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Do you ever fake talking on your cell phone, and if so why?
August 17th, 2011
04:56 PM ET

Do you ever fake talking on your cell phone, and if so why?

FROM CNN's Jack Cafferty:

One out of every 8 cell phone users admits to faking it. We're talking about cell phones here.

A new pew poll shows 13% of cell phone users say they've pretended to use their phone so they'd look busy... and not have to talk to others.

People under 30 are more than twice as likely to fake using a cell phone.

The survey also shows about 83% of Americans have a cell phone. So that's a lot of faking.

People use their cell phones for everything from taking pictures and videos to texting, playing games, listening to music, e-mailing, emergency situations or entertaining themselves when bored.

Many say they need their phones to live... more than 1 in 4 people say that they've come across a situation in the last month that was more difficult because they didn't have their phone with them.

Yet despite all these advantages - almost a third of those polled said they needed to unplug once in a while. These users turn off their phones for a while just to get a break. They are the sane ones among us.

Maybe they need a break because a lot of them are also frustrated with their phones. They complain their phone takes too long to download something or that they've had difficulty reading something on their phone because the screen was too small.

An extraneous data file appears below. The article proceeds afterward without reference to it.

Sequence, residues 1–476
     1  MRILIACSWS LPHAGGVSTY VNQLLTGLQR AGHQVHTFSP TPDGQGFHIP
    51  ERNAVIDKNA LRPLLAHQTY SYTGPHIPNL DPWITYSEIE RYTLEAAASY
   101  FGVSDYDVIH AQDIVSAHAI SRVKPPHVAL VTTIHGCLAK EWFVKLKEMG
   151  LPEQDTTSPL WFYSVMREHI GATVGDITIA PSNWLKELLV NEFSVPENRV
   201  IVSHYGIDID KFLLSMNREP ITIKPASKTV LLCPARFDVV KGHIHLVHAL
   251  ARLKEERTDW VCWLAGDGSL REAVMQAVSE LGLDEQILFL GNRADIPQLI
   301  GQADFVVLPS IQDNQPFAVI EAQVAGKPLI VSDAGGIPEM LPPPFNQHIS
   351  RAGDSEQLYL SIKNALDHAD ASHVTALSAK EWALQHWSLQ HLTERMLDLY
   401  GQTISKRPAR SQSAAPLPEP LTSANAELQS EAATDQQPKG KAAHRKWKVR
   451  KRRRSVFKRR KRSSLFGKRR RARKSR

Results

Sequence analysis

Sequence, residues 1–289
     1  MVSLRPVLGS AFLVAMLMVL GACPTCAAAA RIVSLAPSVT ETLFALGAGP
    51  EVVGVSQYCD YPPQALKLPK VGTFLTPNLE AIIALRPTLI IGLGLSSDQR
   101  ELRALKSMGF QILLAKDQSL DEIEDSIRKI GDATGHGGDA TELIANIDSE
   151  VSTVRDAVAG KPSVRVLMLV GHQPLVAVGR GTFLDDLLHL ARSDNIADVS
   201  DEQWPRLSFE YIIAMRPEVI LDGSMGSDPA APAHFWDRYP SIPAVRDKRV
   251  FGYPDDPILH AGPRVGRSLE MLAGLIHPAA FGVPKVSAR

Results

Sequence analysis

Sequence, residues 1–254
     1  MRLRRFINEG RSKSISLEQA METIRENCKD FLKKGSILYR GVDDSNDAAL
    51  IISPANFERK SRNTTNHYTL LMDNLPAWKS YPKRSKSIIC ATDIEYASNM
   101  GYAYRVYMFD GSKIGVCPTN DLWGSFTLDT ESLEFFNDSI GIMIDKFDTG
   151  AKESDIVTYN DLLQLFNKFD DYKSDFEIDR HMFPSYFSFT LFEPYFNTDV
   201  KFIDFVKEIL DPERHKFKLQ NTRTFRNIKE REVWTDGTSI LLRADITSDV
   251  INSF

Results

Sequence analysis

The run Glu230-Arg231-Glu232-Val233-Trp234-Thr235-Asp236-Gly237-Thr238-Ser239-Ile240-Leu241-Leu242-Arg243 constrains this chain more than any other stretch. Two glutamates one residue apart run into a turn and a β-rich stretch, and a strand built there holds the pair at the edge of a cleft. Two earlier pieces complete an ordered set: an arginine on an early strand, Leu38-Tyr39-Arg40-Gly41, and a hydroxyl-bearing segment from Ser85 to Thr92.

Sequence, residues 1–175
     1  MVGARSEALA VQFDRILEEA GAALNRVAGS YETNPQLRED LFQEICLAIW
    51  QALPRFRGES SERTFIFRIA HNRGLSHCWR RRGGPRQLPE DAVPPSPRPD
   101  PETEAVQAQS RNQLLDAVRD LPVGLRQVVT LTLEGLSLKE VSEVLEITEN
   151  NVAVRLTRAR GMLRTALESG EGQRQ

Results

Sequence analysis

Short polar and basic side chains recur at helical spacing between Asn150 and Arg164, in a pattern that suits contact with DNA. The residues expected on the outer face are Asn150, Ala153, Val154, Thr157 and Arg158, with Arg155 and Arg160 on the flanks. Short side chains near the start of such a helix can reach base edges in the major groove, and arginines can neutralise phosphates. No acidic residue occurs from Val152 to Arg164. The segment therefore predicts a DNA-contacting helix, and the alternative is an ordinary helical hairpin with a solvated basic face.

But we digress. I want to know more about faking it… when it comes to cell phones.

Here’s my question to you: Do you ever fake talking on your cell phone, and if so why?

Interested to know which ones made it on air?

FULL POST


Filed under: On Jack's radar • Technology
January 31st, 2011
04:14 PM ET

Social media and Egypt uprising?

ALT TEXT

A Twitter feed regarding demonstrations in Cairo, Egypt. (PHOTO CREDIT: GETTY IMAGES)

FROM CNN's Jack Cafferty:

As popular uprisings sweep the Middle East, it's hard to underestimate the role played by social media and new technology.

Twitter, Facebook, YouTube, cell phones and even cable news outlets are putting a tremendous amount of power right into the hands of the people. And don't think for a second that the rest of the Arab world isn't watching.